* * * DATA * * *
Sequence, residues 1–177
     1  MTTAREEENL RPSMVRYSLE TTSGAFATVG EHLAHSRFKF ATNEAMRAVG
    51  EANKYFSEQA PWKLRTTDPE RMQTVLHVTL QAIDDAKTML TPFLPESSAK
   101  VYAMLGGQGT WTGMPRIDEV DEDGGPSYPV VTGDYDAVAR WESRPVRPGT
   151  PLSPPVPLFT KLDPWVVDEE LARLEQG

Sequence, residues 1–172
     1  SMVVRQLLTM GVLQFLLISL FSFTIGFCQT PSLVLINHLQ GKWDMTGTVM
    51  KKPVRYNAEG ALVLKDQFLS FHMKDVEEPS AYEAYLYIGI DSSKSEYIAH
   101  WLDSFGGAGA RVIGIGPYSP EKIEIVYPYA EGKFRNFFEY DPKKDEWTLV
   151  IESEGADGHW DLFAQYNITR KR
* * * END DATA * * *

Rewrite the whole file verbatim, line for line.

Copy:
Sequence, residues 1–177
     1  MTTAREEENL RPSMVRYSLE TTSGAFATVG EHLAHSRFKF ATNEAMRAVG
    51  EANKYFSEQA PWKLRTTDPE RMQTVLHVTL QAIDDAKTML TPFLPESSAK
   101  VYAMLGGQGT WTGMPRIDEV DEDGGPSYPV VTGDYDAVAR WESRPVRPGT
   151  PLSPPVPLFT KLDPWVVDEE LARLEQG

Sequence, residues 1–172
     1  SMVVRQLLTM GVLQFLLISL FSFTIGFCQT PSLVLINHLQ GKWDMTGTVM
    51  KKPVRYNAEG ALVLKDQFLS FHMKDVEEPS AYEAYLYIGI DSSKSEYIAH
   101  WLDSFGGAGA RVIGIGPYSP EKIEIVYPYA EGKFRNFFEY DPKKDEWTLV
   151  IESEGADGHW DLFAQYNITR KR